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Rio Pilcomayo National Park


On the south shore of Río Pilcomayo, in the northeast corner of Formosa Province is Parque Nacional Río Pilcomayo, one of the great pearls of Argentina’s national park system. This reserve protecting a 52,800-hectare (130,472-acre) swatch of Wet Chaco ecosystem has been a Ramsar site since 1992.

Its Q’om name is Satalik-Lateday, Mirror of Clear Waters. Three estuaries, or esteros, lace its interior: Zanjita, which drains into the Rio Pilcomayo, and Poí and Von Sastrow, which flow into Laguna Blanca. These waterways are carpetted with camalotales (waterlily fields) and giant bullrush sedge (totora). The land is also marked with glens, savannahs mottled with carnauba wax palm (caranday), and hardwood forests.

Parque Nacional Rio Pilcomayo’s flora and fauna are adapted to this environment of flooding and prolonged dry spells. Some adaptions are bahavioral, such as bird migrations, whereas others are physical, such as the South American lungfish (pez pulmonada) which can breathe air.

In the forests reside black howler (carayá) and southern owl (mirikiná) monkeys. Five types of big cats call the reserve home, including the jaguarundi (gato moro), jaguar (yaguareté) and puma. Other mammals present include tapir (anta), grey brocket deer (guazuncho), giant anteater (oso hormiguero), and maned wolf (agaurá guazú). Serpents include the yellow anaconda (curiyú) and the false water cobra (ñacaniná).

Near estuaries and lagoons are found capybara (carpincho), long-tailed otter (lobito del río), crab-eating fox (zorro de monte) and crab-eating raccoon (aguará popé), as well as many native fishes, including palometas, kin to the piranha. (The park has instituted a don’t-feed-the-fish policy, which has ended incidences of swimmers getting unwanted nibbles.) Both species of caiman, the southern spectacled (yacaré negro) and the short-snouted caiman (yacaré ñato or overo) hang out at Laguna Blanca and other bodies of water.

The avifauna is equally impressive, with almost 300 species recorded in the park. Among them are Slaty-breasted Woodrail (Saracura), Monk Parakeet (Cotorra), South American Stilt (Tero real), and Great Egret (Garza Blanca). A trio of storks may be spotted and three types of Argentina’s resident kingfishes are present. Cormorants, toucans, woodpeckers, blackbirds, spinetails and other species are also represented.

The best time for viewing wildlife is before 9 a.m. and after 6 p.m., when temperatures are more moderate. The best sector for land beasts is Estero Poí.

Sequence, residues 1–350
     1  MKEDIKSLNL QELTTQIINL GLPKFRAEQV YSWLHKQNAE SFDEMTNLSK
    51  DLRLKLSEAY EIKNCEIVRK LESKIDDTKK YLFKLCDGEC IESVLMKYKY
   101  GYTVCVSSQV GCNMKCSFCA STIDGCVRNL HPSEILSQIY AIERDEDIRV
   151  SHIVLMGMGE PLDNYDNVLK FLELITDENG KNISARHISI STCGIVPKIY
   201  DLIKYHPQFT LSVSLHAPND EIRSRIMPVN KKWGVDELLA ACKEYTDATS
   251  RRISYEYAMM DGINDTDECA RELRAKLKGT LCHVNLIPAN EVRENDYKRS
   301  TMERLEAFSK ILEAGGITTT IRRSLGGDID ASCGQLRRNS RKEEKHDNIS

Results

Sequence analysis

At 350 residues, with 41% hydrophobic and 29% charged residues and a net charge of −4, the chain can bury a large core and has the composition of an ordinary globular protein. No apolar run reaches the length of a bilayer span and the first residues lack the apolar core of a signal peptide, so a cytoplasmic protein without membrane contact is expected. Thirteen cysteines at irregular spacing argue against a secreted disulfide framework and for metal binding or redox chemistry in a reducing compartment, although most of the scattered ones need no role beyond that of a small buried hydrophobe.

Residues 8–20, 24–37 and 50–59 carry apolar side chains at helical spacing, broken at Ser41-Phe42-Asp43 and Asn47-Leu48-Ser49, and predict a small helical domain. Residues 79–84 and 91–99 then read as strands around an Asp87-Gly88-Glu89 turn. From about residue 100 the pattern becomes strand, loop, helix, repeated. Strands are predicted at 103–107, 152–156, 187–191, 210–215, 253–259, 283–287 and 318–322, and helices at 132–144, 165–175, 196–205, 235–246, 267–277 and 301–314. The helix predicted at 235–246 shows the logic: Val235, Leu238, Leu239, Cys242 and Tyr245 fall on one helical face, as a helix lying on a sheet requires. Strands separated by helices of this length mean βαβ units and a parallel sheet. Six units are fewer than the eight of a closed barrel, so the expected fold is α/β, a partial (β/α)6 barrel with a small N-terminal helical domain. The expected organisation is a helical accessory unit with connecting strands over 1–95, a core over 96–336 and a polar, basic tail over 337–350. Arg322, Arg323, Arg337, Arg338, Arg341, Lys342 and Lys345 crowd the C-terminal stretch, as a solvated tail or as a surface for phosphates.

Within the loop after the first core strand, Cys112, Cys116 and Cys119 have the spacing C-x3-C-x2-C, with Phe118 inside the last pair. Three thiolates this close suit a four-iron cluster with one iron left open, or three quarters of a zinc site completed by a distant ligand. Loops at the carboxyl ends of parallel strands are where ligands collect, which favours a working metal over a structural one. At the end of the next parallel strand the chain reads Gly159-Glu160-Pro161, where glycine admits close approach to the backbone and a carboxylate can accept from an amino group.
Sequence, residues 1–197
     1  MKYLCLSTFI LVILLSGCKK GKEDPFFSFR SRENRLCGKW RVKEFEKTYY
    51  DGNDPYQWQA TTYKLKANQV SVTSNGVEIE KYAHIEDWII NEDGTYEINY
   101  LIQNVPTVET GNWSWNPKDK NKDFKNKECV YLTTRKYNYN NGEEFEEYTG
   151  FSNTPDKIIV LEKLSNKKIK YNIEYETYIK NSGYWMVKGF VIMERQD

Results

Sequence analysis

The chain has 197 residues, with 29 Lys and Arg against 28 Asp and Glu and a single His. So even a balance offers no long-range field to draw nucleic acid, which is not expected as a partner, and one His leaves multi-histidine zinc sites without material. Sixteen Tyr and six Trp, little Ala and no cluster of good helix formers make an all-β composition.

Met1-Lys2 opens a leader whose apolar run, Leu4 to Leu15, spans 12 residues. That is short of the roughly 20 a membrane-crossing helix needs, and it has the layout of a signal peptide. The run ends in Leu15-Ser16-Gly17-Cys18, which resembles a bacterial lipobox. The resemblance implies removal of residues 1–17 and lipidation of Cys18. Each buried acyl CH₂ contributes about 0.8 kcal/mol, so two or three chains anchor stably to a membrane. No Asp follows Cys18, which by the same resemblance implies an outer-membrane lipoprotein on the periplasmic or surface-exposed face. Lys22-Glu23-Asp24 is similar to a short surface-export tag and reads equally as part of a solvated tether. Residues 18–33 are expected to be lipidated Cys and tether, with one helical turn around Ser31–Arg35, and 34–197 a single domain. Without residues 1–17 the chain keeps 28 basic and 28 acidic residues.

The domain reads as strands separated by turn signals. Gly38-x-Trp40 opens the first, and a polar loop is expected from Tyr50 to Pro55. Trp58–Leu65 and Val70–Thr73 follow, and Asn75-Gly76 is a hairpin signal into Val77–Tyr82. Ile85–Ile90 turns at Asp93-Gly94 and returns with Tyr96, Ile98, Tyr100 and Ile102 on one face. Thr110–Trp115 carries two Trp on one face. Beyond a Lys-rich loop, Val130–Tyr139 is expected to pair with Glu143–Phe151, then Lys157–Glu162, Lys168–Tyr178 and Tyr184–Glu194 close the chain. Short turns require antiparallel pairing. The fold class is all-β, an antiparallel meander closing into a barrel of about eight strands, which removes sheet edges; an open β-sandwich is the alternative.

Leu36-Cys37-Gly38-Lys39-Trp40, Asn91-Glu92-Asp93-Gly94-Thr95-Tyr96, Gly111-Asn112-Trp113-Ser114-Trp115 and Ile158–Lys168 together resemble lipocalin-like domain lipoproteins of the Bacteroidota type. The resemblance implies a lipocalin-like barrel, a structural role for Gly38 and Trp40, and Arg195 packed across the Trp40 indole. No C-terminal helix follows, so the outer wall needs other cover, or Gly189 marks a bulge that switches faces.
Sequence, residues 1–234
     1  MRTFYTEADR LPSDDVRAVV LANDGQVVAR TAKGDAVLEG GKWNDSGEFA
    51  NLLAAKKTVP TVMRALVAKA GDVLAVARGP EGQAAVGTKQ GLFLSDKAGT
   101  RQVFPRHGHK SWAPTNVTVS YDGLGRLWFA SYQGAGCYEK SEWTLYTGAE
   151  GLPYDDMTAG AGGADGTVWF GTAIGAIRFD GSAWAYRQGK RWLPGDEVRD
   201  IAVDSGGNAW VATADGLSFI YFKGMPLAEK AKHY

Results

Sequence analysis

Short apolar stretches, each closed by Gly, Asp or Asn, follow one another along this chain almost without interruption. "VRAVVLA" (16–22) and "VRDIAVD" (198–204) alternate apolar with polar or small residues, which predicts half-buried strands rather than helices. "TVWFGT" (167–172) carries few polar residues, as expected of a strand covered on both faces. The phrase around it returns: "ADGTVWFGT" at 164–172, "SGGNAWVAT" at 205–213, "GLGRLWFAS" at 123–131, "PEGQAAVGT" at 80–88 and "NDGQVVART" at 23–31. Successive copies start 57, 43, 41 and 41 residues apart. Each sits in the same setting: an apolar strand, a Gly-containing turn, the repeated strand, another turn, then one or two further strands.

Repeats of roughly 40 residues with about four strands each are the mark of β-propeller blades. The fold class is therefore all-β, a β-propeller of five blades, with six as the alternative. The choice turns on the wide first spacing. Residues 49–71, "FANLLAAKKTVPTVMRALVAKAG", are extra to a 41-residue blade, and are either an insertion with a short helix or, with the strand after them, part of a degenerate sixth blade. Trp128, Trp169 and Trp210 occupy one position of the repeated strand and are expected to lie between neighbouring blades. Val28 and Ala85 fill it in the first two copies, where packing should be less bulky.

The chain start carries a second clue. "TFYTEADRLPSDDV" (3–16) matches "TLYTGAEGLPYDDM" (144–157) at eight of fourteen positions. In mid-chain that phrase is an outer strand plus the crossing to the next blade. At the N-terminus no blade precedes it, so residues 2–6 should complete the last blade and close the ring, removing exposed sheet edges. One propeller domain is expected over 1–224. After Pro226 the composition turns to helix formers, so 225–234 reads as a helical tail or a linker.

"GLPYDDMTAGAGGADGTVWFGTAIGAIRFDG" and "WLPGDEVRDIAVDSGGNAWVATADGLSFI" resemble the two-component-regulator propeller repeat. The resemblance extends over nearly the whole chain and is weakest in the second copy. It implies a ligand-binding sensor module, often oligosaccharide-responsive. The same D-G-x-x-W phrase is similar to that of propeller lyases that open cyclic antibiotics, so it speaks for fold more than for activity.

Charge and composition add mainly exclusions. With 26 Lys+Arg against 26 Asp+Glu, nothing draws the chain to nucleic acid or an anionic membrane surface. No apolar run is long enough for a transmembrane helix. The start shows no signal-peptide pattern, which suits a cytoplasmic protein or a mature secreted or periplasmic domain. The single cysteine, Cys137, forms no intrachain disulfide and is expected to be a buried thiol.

Parque Nacional Río Pilcomayo has two main ranger stations. The most popular sector is Laguna Blanca, named after the 700-hectare (1,730-acre) lagoon that is favorite swimming hole on blistering days. This lake, only three meters (10 ft) deep, is fed purely by the rain-fed Poí and Van Sastrow estuaries. The Sendero a Laguna Blanca is a boardwalk cutting across marshlands to a series of docks and lookout towers (Distance: 400 m / 1,312 ft, Difficulty: easy, Duration: 15 min). Sailboats and row boats are allowed on the lagoon. The reserve’s human neighbors rent canoes. This sector has an information center with a small display of skins and skulls of various animals found in the park, and jars of pickled snakes. Near the guardaparque is a camping area. Here starts the Sendero Carayá Caaguy, a self-guided trail through a forest inhabited by black howler monkeys (Distance: 200 m / 656 ft, Difficulty: easy, Duration: 20 min). Ask the rangers for the pamphlet (Spanish only).

Sector Estero Poí is closer to Laguna Blanca village. The road from Ruta Nacional 86 goes to the ranger station and continues to the banks of the Río Pilcomayo. At the guardaparque is a campground. This part of the park has two interpretive loop trails. Sendero Secretos del Monte is near the station (Distance: 600 m / 1,969 ft, Difficulty: easy, Duration: 45 min). Three kilometers (1.8 mi) north of the ranger station, down the road to the river, is Sendero de Caraguatá Caaguy, also called Karaguatá Guatahá. This trail traverses areas of the vase plant (caraguatá), a wild cousin of the pineapple, and palm groves (Distance: 900 m / 0.5 mi, Difficulty: easy, Duration: 45 min). Six kilometers (3.6 mi) past this sendero is a bird observation post. Five kilometers (3 mi) further on is the Río Pilcomayo. To transit the river road, you need to report in to the rangers, to check on road conditions. (Recent rains may make stretches impassable.)


Camping is free in the park. Facilities include bathhouses, tables, grills and electricity. At the Laguna Blanca site, keep your items well protected from the monkeys’ reach. None of the sectors have provision shops or food services, so bring all supplies. Water is potable, though some people may have problems drinking it. At Laguna Blanca, entry is charged on Sundays only (Argentines $1.15, foreigners $7; people under 16 or over 60 years old free). No fee is charged at Sector Estero Poí. The administrative office, Informes Administración de Parque Nacional Río Pilcomayo, is in Laguna Blanca village (Monday-Friday 7 a.m.-2 p.m. Pueyrredón s/n and Ruta Nacional 86, Laguna Blanca, Tel: 47-0045, E-mail: The center also has an excellent, bilingual research library.
The best time to visit Parque Nacional Río Pilcomayo is during the winter months (June-September) when it is fresher, dryer and there are fewer insects. Rains begin in September. The rainy season runs from December through March. Temperatures during these months reach 47ºC (117ºF).

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